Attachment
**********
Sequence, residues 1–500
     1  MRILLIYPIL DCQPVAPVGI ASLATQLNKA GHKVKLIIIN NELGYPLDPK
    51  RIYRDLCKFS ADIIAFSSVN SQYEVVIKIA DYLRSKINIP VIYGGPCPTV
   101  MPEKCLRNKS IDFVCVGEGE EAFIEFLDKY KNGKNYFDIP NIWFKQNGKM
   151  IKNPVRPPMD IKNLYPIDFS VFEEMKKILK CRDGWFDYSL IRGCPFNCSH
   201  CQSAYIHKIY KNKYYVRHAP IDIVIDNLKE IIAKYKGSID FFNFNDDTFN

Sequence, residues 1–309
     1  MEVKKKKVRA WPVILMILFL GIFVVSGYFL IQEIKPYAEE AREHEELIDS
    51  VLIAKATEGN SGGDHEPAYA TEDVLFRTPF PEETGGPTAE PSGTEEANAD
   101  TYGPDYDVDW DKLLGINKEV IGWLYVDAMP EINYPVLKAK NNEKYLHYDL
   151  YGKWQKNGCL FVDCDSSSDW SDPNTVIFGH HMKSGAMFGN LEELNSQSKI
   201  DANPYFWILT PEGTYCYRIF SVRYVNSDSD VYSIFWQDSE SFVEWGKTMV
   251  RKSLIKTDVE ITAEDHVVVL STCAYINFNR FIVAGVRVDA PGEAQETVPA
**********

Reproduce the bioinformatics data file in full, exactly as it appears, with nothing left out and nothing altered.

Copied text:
Sequence, residues 1–500
     1  MRILLIYPIL DCQPVAPVGI ASLATQLNKA GHKVKLIIIN NELGYPLDPK
    51  RIYRDLCKFS ADIIAFSSVN SQYEVVIKIA DYLRSKINIP VIYGGPCPTV
   101  MPEKCLRNKS IDFVCVGEGE EAFIEFLDKY KNGKNYFDIP NIWFKQNGKM
   151  IKNPVRPPMD IKNLYPIDFS VFEEMKKILK CRDGWFDYSL IRGCPFNCSH
   201  CQSAYIHKIY KNKYYVRHAP IDIVIDNLKE IIAKYKGSID FFNFNDDTFN

Sequence, residues 1–309
     1  MEVKKKKVRA WPVILMILFL GIFVVSGYFL IQEIKPYAEE AREHEELIDS
    51  VLIAKATEGN SGGDHEPAYA TEDVLFRTPF PEETGGPTAE PSGTEEANAD
   101  TYGPDYDVDW DKLLGINKEV IGWLYVDAMP EINYPVLKAK NNEKYLHYDL
   151  YGKWQKNGCL FVDCDSSSDW SDPNTVIFGH HMKSGAMFGN LEELNSQSKI
   201  DANPYFWILT PEGTYCYRIF SVRYVNSDSD VYSIFWQDSE SFVEWGKTMV
   251  RKSLIKTDVE ITAEDHVVVL STCAYINFNR FIVAGVRVDA PGEAQETVPA